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Unleashing Shakti: our power to transform

By Vandana Shiva - posted Tuesday, 4 August 2009

The crises of climate change, peak oil, and the food and agrarian crisis are creating an imperative for change, to make a transition to an age beyond oil.

However, if that transition is driven by the same paradigm and powers that created our current climate crisis, it will only perpetuate the problems of ecological non-sustainability and social and economic injustice. Our food is being converted to fuel to run an industrial infrastructure. The lands of the poor are becoming the next oil fields. But there is not enough land to fuel the ever-increasing population of cars and ever-increasing demand for energy.

And when the rights of the poor are taken into account, there is only one way forward - reducing the energy demands of the rich and the non-sustainable patterns of production and consumption that are the legacy of industrialisation and globalisation. The powerful corporations, governments, and elites will, of course, try to avoid any reduction of their profits and power, preferring instead to make the poor pay. A top-down model for sustainability results in pseudo-sustainability and eco-imperialism.


A bottom-up search for sustainability creates an Earth Democracy based on living economies. Unleashing our living but latent energies can create new economic and political possibilities. But recognising the emergent possibilities requires a paradigm shift from a mechanistic worldview and its limited and limiting categories of mechanical energy. The transition to a post-fossil fuel age needs to focus on living energies - our energy to creating living democracies and living economies.

A universe run on the paradigms and fossil fuel energy of the mechanical, industrial age dispossesses and displaces billions. In the final analysis it displaces humanity from being a part of the future evolution of the planet.

The climate change discussion has focused exclusively on two constructs, “growth” and “industrial development”. Both are artificially restrictive. The mechanistic paradigm holds that there must be growth to eliminate poverty, that there must be “industrial development” for the poor of the South to achieve the living standards of the rich of the North. However, both people and nature are being impoverished to make the economy grow. India’s 9 per cent growth is based on pushing small farmers to suicide; uprooting tribes for mines, factories, and Special Economic Zones; and damming every inch of every river. If measured in terms of nature’s economy and people’s economy, this growth would register as destruction.

We need to move beyond the mechanistic paradigms of industrialisation and neoclassical economics if the rights of the poor are to be defended and if future generations are to have a chance to live on this planet.

For too long the very instruments that threaten the poor have been proposed as solutions to poverty. Industrial production systems, which displace people and lay waste to the resources of the earth, are currently reaching the last village, the last mountain in India. And the globalised economy, based on the assumption that perpetual growth is possible, is outsourcing its pollution and resource burden on the poor. To address the issues of energy change and climate change, we need to look at what is happening to people and the soil.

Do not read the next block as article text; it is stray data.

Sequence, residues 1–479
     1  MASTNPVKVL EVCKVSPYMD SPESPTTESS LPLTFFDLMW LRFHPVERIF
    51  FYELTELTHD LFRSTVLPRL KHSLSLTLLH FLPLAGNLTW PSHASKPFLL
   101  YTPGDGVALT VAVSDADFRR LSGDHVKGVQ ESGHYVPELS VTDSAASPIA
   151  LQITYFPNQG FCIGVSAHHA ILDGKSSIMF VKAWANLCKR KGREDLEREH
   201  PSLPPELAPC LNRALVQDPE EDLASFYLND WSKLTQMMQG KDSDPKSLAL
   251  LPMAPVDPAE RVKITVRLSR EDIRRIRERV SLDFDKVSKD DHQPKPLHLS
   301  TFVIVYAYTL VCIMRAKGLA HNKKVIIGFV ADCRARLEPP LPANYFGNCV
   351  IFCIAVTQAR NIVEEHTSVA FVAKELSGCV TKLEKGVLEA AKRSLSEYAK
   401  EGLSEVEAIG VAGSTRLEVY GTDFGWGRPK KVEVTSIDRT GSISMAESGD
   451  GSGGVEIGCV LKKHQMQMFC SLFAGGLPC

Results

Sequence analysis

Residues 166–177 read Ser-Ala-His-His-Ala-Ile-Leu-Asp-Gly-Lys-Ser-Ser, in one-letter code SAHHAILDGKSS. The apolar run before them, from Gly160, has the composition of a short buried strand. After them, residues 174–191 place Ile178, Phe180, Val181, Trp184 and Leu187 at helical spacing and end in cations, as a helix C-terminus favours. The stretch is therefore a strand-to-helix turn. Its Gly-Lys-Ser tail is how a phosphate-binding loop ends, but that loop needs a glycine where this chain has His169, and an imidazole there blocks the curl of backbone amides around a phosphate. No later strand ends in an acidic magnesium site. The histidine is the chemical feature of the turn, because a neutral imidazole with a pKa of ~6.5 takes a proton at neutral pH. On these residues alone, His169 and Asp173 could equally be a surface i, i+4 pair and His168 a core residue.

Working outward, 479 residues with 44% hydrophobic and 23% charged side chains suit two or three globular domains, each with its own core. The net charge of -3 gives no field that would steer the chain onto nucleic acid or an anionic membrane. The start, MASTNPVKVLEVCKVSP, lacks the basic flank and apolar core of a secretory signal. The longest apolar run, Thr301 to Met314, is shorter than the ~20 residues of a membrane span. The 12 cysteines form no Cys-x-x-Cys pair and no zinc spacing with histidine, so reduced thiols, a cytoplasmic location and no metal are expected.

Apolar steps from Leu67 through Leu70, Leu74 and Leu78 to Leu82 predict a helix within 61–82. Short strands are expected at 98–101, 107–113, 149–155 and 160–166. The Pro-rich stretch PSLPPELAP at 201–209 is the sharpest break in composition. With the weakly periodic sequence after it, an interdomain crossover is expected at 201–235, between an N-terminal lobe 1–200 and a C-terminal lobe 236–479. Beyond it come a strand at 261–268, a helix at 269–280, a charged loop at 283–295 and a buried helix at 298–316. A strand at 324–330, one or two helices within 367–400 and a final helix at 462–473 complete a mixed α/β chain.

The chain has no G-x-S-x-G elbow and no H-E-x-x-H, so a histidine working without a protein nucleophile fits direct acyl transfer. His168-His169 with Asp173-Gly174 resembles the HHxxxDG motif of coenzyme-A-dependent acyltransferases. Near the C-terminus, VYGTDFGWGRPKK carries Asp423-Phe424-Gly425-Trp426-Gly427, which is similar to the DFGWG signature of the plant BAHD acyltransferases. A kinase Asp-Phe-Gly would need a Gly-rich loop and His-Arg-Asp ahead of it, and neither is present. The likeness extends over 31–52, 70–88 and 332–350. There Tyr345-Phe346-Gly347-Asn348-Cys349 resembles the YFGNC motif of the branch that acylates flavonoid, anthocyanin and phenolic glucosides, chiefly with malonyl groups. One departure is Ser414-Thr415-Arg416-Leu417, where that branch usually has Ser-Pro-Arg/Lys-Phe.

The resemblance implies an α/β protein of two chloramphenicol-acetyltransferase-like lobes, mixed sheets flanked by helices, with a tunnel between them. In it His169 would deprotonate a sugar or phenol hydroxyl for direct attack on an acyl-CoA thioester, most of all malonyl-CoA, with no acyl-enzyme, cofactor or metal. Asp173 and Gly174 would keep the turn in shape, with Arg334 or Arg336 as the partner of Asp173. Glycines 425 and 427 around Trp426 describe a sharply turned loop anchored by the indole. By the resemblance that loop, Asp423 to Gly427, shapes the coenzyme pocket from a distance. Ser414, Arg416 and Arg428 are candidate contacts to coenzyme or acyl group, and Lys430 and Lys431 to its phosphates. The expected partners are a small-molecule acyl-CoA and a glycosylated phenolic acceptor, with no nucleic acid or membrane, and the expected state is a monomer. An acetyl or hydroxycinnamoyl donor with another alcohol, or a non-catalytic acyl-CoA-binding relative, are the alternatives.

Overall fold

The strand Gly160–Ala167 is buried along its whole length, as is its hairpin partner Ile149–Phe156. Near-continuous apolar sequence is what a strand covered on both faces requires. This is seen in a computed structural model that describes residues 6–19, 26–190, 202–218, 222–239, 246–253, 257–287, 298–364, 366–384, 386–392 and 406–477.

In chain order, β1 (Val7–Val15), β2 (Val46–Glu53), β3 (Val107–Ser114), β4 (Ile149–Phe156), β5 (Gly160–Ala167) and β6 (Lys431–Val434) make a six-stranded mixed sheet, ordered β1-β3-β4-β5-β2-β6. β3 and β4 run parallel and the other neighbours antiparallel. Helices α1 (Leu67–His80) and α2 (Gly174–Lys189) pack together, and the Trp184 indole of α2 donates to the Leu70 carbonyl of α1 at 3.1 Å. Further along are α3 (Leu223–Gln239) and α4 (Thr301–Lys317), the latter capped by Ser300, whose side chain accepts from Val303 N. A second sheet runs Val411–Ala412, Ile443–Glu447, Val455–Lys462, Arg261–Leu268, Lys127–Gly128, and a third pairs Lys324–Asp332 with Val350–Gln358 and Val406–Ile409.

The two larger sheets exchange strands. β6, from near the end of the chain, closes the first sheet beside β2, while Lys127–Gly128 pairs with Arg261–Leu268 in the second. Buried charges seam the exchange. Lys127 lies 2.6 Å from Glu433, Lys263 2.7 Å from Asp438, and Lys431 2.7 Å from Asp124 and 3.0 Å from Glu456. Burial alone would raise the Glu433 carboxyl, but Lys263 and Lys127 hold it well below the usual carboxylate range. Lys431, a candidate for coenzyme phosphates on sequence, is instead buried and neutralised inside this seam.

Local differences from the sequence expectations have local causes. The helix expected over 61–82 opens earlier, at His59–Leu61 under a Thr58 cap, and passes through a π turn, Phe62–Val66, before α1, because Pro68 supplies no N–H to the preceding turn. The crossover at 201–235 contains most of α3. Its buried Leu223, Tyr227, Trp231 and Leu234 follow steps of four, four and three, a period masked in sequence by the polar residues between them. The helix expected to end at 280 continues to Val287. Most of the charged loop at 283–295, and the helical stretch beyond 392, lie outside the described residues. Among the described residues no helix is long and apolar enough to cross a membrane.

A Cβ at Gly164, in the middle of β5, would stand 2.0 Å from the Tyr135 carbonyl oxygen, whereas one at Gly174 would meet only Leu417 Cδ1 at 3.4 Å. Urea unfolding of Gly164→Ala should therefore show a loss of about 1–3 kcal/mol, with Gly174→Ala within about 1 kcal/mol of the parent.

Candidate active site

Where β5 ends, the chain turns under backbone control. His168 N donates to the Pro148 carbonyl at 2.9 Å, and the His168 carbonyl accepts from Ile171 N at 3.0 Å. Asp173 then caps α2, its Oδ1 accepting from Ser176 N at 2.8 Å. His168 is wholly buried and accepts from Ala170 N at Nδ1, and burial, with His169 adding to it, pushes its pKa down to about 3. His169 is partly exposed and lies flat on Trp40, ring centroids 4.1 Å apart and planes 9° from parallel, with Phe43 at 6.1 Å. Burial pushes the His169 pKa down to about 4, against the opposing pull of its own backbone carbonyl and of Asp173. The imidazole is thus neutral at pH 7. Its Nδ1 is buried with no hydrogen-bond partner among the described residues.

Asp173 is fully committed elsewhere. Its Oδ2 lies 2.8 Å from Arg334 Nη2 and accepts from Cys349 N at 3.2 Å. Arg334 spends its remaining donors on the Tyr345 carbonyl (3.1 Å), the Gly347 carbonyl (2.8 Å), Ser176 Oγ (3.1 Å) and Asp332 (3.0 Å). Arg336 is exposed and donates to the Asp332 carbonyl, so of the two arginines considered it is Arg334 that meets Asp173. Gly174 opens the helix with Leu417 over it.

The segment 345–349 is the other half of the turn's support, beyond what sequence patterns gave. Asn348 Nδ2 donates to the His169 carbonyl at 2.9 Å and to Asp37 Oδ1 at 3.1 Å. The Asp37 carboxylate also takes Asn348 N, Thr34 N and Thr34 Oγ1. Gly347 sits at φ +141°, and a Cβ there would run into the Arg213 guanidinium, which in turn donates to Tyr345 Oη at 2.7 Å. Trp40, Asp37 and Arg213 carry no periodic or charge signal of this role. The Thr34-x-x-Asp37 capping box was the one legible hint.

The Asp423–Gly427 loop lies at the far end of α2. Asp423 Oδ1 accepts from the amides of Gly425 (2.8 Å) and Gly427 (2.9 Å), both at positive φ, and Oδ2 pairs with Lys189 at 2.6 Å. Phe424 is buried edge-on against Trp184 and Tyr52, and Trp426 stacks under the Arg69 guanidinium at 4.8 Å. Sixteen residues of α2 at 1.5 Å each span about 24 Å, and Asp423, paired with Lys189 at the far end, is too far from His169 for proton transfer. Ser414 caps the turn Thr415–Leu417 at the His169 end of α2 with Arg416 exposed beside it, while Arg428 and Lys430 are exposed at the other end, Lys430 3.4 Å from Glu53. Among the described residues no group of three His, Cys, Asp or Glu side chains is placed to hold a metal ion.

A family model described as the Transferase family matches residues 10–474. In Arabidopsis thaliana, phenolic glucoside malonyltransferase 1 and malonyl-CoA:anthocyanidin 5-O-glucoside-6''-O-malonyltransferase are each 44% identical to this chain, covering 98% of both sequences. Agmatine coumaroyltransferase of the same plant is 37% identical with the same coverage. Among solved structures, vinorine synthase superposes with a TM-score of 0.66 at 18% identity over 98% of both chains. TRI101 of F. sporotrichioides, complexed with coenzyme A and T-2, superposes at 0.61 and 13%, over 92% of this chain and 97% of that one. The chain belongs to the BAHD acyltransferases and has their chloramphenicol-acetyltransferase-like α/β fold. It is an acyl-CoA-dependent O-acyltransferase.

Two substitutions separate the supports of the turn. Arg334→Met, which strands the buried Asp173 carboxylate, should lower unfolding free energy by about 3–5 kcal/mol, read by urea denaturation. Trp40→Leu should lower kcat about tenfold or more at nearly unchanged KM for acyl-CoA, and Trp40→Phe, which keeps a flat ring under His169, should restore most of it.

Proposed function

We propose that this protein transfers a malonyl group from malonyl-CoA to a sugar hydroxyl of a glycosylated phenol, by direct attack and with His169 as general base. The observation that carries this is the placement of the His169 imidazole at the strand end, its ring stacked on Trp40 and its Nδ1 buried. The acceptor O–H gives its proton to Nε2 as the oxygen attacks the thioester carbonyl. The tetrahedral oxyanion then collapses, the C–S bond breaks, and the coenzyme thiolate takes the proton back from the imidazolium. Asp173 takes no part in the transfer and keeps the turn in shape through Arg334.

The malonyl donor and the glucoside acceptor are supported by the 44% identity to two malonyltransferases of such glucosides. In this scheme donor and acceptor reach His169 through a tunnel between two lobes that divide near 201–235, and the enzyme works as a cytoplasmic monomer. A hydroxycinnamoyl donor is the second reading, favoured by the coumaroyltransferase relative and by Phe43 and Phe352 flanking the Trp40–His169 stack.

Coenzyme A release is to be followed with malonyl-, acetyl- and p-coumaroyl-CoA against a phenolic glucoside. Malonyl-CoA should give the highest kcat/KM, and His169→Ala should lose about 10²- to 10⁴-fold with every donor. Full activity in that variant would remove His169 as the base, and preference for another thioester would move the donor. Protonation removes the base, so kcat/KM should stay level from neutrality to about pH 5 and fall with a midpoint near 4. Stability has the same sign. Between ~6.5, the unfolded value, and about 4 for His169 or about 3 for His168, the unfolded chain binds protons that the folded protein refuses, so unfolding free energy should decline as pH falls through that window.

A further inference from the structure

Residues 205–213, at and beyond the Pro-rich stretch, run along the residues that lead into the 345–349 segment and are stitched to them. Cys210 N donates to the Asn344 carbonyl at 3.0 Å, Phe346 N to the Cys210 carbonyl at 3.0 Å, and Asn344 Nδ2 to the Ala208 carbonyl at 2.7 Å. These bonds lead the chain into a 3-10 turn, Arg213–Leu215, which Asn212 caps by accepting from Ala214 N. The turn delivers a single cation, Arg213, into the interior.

Living systems, living energies

In the dominant paradigm, “energy” refers to oil and coal, which are mined from the earth, shipped thousands of miles, and transformed into electricity to light up neon signs or into fuel to run SUVs. It is fruitful to remember that energy has other meanings and other forms. From Shakti, the generative force of the universe, to the sun that powers our lives, to the water that comes to us as bountiful rain or a flood or a tsunami, to the air and the wind that move the clouds and create the climate. Energy is not just oil and gas. Energy is an all-pervasive element of life.


The broader our paradigm of energy, the wider our choices as human beings. Fossil fuels have fossilised our imagination, our potential, our creativity. We need to break free of this fossilisation to choose life-enhancing pathways for our selves, our species, and the planet.

The mechanistic paradigm has robbed us our freedom and creativities. It has replaced living energy with fossil fuels; the wealth created by nature and people with capital; the freedom of citizens and communities with the coercive power of the corporate state, which imposes the rule of capital in every dimension of our life - the thoughts we think, the food we eat, the settlements we shape.

In this life-threatening period of globalisation and climate crisis, we need to unleash our hidden energies to make a transition to a post-fossil fuel economy. To do so, we need to reinvent democracy.

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This is an edited extract from Soil Not Oil: Climate Change, Peak Oil & Food Insecurity by Vandana Shiva, Spinifex Press, 2009.

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About the Author

Vandana Shiva is one of world’s best known speakers and writers on environmental issues. Soil Not Oil, like her previous books, points the direction for future discussion. Shiva has been invited to Australia on a number of occasions and has participated in the World Economic Forums in Davos, Switzerland and Melbourne. She is the author of numerous books and monographs including Staying Alive (1989), Monocultures of the Mind (1993) and Water Wars (2002).

Creative Commons LicenseThis work is licensed under a Creative Commons License.

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